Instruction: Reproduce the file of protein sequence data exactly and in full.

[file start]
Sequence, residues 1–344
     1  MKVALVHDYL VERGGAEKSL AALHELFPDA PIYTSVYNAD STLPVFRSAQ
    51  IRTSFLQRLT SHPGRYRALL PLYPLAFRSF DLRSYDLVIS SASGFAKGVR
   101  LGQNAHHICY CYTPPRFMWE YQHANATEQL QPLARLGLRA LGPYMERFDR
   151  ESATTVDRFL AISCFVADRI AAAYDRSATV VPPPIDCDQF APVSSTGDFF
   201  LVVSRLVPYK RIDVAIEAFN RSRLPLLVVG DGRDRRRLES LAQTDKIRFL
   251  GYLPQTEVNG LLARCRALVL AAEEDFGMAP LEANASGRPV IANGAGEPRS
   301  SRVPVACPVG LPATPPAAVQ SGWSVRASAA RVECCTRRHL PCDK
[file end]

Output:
Sequence, residues 1–344
     1  MKVALVHDYL VERGGAEKSL AALHELFPDA PIYTSVYNAD STLPVFRSAQ
    51  IRTSFLQRLT SHPGRYRALL PLYPLAFRSF DLRSYDLVIS SASGFAKGVR
   101  LGQNAHHICY CYTPPRFMWE YQHANATEQL QPLARLGLRA LGPYMERFDR
   151  ESATTVDRFL AISCFVADRI AAAYDRSATV VPPPIDCDQF APVSSTGDFF
   201  LVVSRLVPYK RIDVAIEAFN RSRLPLLVVG DGRDRRRLES LAQTDKIRFL
   251  GYLPQTEVNG LLARCRALVL AAEEDFGMAP LEANASGRPV IANGAGEPRS
   301  SRVPVACPVG LPATPPAAVQ SGWSVRASAA RVECCTRRHL PCDK